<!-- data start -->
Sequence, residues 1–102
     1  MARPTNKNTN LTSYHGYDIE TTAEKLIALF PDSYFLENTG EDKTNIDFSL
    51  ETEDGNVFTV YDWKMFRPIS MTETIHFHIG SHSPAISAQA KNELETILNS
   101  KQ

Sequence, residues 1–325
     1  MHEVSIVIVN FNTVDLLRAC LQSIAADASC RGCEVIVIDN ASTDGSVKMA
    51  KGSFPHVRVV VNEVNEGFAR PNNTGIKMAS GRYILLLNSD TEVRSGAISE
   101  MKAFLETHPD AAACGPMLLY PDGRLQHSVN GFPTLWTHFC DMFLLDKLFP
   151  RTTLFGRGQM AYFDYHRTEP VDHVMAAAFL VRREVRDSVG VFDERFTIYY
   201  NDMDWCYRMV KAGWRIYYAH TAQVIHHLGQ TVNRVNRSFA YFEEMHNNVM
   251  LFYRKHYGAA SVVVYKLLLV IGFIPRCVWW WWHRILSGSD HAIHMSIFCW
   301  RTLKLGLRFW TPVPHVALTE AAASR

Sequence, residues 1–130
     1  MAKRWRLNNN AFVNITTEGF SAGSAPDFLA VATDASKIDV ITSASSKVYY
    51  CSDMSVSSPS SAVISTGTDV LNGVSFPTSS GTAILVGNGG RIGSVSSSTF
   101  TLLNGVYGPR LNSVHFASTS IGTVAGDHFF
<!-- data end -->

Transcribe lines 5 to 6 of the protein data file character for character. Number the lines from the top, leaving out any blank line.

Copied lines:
Sequence, residues 1–325
     1  MHEVSIVIVN FNTVDLLRAC LQSIAADASC RGCEVIVIDN ASTDGSVKMA